ARLINGTON—Over the past few weeks, the Capitals have started dedicating more time in practice to working on shootouts.

Why? A couple of reasons: The standings point awarded for a skills competition victory could prove critical later this season. And, well, right now the Caps aren’t very good at them, despite a bevy of skilled forwards and a top goaltender.

In fact, through 32 games, the Caps have gone to the shootout four times—and they’ve won just once.  

“It’s part of the game,” Coach Barry Trotz said. “If it wasn’t part of the game, we wouldn’t work on it. But it is; they’re valuable points. We've got some dynamic shooters and good goaltending, we just haven’t been on the right side enough. You never know when those two or three or four points during the year could make a big difference.”

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The Caps’ most recent trip to the shootout—a 3-2 loss in Philly last Wednesday—left Trotz feeling like they had allowed a valuable point to slip.

“We had an opportunity,” Trotz said. “Scored the first one, got a save. If we can score another one or get that extra save, then we’re able to come back. We lost a point that we could have had. We’ll keep working at it.”

 

Trotz doesn’t incorporate shootout drills into practice every day, but it’s been happening more and more in recent weeks. It typically happens toward the end of practice and takes the form of an intrasquad competition. The Caps divide into two teams and alternate shots on goaltenders Braden Holtby and Philipp Grubauer, who are stationed at either end. By the end, there’s usually a little trash talk and/or whooping and hollering.

It’s a fun way to wrap up practice. But it also serves a purpose: T.J. Oshie and Co. get to polish their moves, while Holtby and Grubauer can focus on deciphering a shooter’s tells and work on remaining patient as the shooter bears down on the net.

The Caps have a pair of top shootout performers in Oshie and Evgeny Kuznetsov. Oshie is a perfect 3 for 3 this season, with one game deciding goal, and Kuznetsov is 2 for 4.

At the other end, Holtby is 0-3 in games decided in the shootout, allowing seven goals on 12 shots against. He’s also not a fan of deciding games in a skills competition. Grubauer, meantime, earned the Caps’ only shootout win, at Carolina on Dec. 16, though it should be noted both Hurricanes’ shooters were officially credited with missing the net.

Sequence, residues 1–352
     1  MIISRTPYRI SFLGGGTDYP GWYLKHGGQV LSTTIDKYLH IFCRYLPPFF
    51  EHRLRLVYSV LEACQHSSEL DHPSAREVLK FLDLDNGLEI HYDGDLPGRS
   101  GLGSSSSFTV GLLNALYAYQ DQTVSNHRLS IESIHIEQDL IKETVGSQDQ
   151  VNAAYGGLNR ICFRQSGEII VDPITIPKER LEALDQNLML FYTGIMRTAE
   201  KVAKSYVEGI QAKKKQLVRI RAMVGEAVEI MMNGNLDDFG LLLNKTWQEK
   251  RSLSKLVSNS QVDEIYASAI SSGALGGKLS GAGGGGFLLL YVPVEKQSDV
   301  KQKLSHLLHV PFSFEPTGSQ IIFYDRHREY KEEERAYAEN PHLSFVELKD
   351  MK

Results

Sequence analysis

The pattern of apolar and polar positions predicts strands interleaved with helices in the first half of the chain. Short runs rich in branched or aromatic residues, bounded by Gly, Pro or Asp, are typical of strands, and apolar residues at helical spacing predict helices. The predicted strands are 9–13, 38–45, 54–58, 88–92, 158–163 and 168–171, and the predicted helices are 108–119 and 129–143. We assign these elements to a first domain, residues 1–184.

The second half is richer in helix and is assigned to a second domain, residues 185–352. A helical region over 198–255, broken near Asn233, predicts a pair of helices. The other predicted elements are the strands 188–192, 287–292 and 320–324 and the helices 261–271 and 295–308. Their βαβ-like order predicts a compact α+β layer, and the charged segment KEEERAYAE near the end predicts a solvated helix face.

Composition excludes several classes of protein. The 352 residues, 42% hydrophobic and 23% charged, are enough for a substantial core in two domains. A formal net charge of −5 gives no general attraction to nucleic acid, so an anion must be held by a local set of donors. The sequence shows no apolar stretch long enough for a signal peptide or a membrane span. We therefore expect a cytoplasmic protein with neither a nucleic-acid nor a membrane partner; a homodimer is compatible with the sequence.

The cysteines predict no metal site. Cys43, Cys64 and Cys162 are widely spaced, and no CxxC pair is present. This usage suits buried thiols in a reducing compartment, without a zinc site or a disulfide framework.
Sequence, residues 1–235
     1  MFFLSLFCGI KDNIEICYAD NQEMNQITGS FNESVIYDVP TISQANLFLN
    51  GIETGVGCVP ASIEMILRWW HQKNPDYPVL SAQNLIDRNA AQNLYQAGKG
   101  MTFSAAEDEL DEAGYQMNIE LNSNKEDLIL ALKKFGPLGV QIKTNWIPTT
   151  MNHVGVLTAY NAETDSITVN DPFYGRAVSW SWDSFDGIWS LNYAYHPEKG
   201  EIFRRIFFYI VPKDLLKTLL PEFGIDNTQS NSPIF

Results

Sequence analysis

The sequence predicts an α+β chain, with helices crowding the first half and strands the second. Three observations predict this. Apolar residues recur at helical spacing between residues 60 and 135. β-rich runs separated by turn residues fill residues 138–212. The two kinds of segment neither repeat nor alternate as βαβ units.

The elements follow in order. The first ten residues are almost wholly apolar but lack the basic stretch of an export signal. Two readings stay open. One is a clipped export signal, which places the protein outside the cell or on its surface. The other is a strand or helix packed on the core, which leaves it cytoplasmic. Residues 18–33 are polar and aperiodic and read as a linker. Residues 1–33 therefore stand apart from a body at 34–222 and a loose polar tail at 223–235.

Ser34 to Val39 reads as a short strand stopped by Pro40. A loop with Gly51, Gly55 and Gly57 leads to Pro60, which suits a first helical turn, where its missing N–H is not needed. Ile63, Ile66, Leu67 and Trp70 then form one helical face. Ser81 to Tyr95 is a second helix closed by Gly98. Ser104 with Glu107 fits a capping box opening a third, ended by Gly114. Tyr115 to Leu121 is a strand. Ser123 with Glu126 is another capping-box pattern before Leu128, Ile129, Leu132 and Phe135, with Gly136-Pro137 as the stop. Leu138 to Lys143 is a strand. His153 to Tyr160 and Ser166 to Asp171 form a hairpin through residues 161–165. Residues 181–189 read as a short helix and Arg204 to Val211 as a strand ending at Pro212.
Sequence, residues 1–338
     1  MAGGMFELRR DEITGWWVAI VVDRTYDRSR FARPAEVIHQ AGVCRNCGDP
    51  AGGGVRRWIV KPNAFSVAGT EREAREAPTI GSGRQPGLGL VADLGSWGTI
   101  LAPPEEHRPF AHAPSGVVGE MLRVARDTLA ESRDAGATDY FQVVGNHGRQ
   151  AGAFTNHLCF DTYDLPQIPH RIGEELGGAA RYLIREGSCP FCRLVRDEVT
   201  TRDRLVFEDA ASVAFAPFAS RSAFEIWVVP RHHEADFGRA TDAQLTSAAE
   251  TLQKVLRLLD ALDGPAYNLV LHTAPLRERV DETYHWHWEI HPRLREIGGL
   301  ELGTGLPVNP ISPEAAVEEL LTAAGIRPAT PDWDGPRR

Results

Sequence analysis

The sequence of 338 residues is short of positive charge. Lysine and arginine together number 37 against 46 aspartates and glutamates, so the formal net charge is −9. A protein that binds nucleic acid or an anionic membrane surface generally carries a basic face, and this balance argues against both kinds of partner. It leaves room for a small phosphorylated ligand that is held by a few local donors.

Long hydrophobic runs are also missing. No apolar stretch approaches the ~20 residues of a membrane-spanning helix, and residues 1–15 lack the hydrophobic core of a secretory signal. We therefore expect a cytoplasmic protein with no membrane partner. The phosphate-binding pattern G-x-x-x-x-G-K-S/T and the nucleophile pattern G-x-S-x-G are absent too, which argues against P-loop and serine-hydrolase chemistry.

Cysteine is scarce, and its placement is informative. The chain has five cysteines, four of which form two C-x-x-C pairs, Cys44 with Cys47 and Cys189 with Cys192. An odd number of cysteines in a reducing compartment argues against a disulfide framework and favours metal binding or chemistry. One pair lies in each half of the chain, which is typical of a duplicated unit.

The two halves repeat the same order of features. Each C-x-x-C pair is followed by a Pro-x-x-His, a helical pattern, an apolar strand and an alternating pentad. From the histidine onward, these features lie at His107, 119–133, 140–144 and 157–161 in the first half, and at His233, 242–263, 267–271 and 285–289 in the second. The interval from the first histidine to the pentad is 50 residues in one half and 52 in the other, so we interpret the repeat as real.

“I don’t think there’s such a thing as automatic,” Trotz said, asked if his team should be better based on its collective skill level. “It’s a skill set. It’s not really about natural goal scoring. It’s about reading and deception and being able to sell your wares coming into the goalie and then executing.”

“Like T.J., he goes in there with three or four moves and he executes,” Trotz added. “And that’s why he’s so good. He sells deception. He doesn’t have a lot of tells and when it comes to the execution part, he’s able to do that. We have a lot of guys that can do that. You’d be amazed at some guys that are so skilled and then you throw them out there and they do something totally different and are not able to get it done.”

As the league prepares to return from Christmas break, Detroit has been best in shootouts (5-0) while Toronto has been worst (0-5). The Caps rank toward the bottom, but Trotz feels like they could and should be higher.

 

And they’ll keep working at it until they are.

“That’s something we can be better at,” he said, “everything from Holts’ patience on those [shots] to us executing. So it’s not one thing. It’s a little bit of both.”

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